Assessment of calculation methods for calcium carbonate saturation in drinking water for DIN 38404-10 compliance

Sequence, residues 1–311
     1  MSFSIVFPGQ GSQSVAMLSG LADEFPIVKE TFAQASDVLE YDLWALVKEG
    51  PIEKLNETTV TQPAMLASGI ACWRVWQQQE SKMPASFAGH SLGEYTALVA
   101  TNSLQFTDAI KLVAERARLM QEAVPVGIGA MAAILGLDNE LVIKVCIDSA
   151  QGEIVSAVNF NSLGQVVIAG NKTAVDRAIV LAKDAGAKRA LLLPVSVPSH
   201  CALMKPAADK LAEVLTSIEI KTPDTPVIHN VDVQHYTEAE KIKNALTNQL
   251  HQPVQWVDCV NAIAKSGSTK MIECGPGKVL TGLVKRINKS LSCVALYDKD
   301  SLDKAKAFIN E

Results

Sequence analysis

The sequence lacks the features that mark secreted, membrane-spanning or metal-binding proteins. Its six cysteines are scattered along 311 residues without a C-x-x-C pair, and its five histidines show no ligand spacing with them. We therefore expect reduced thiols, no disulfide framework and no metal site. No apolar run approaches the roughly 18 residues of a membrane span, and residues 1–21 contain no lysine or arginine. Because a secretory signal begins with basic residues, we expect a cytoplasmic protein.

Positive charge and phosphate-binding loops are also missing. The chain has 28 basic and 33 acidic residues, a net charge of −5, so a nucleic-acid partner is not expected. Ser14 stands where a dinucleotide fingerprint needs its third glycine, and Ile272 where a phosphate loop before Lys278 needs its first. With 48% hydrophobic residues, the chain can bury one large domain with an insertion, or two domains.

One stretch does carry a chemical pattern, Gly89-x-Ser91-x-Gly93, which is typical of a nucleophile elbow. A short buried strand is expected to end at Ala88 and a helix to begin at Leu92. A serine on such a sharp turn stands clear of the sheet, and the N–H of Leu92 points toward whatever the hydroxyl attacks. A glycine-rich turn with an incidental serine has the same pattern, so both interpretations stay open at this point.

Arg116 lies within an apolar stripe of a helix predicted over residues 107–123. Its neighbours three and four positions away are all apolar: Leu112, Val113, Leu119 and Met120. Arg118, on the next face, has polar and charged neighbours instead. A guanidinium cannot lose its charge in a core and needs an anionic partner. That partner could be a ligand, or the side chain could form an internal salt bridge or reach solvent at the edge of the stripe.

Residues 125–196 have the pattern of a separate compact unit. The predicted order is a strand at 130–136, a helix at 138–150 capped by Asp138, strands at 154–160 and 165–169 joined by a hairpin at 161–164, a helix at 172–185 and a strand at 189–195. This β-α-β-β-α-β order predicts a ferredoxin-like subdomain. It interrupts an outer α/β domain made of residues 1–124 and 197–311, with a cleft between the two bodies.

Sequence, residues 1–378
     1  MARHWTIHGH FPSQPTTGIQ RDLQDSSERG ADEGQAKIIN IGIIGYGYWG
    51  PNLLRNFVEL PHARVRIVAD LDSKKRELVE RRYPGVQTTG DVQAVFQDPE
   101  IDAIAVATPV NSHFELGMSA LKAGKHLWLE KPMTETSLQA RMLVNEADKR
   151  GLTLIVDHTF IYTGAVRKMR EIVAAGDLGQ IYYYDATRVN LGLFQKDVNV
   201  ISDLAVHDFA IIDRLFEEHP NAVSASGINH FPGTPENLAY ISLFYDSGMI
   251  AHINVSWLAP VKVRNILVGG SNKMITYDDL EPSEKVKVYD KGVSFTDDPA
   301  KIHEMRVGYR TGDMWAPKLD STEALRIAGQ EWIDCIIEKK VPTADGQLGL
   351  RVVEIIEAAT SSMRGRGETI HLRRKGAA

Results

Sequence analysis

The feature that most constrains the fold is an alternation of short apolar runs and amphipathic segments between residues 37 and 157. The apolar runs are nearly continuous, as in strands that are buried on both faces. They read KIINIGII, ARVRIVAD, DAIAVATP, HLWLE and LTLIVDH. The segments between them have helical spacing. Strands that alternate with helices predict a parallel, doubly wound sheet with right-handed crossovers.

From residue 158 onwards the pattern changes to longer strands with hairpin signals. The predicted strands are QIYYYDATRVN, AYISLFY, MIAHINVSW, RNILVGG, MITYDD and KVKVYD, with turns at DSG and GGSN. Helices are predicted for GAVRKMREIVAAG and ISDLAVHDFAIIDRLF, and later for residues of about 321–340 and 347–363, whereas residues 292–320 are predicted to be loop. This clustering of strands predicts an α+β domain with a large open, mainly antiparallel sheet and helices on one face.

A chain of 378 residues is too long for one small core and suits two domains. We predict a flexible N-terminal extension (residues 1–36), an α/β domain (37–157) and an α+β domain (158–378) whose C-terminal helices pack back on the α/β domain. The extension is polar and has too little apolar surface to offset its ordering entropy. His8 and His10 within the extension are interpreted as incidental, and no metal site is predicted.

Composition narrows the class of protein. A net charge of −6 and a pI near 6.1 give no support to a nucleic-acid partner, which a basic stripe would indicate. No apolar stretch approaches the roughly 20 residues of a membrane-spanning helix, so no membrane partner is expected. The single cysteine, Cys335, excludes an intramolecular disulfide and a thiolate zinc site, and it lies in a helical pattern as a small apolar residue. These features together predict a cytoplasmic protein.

The new German standard on the calculation of calcite saturation in drinking water, DIN 38404-10, 2012 (DIN), marks a change in drinking water standardization from using simplified equations applicable for nomographs and simple calculators to using extensive chemical modeling requiring computer programs. The standard outlines the chemical modeling and presents a dataset with 10 water samples for validating used computer programs. The DIN standard, as well as the Standard Methods 2330 (SM) and NEN 6533 (NEN) for calculation of calcium carbonate saturation in drinking water were translated into chemical databases for use in PHREEQC (USGS, 2013). This novel approach gave the possibility to compare the calculations as defined in the standards with calculations using widely used chemical databases provided with PHREEQC. From this research it is concluded that the computer program PHREEQC with the developed chemical database din38404-10_2012.dat complies with the DIN standard for calculating Saturation Index (SI) and Calcite Dissolution Capacity (Calcitlösekapazität) or Calcium Carbonate Precipitation Potential (CCPP). This compliance is achieved by assuming equal values for molarity as used in DIN (obsolete) and molality as used in PHREEQC. From comparison with widely used chemical databases it is concluded that the use of molarity limits the use of DIN to a maximum temperature of 45 °C. For current practical applications in water treatment and drinking water applications, the PHREEQC database stimela.dat was developed within the Stimela platform of Delft University of Technology. This database is an extension of the chemical database phreeqc.dat and thus in compliance with SM. The database stimela.dat is also applicable for hot and boiling water, which is important in drinking water supply with regard to scaling of calcium carbonate in in-house drinking water practices. SM and NEN proved to be not accurate enough to comply with DIN, because of their simplifications. The differences in calculation results for DIN, SM and NEN illustrate the need for international unification of the standard for calcium carbonate saturation in drinking water.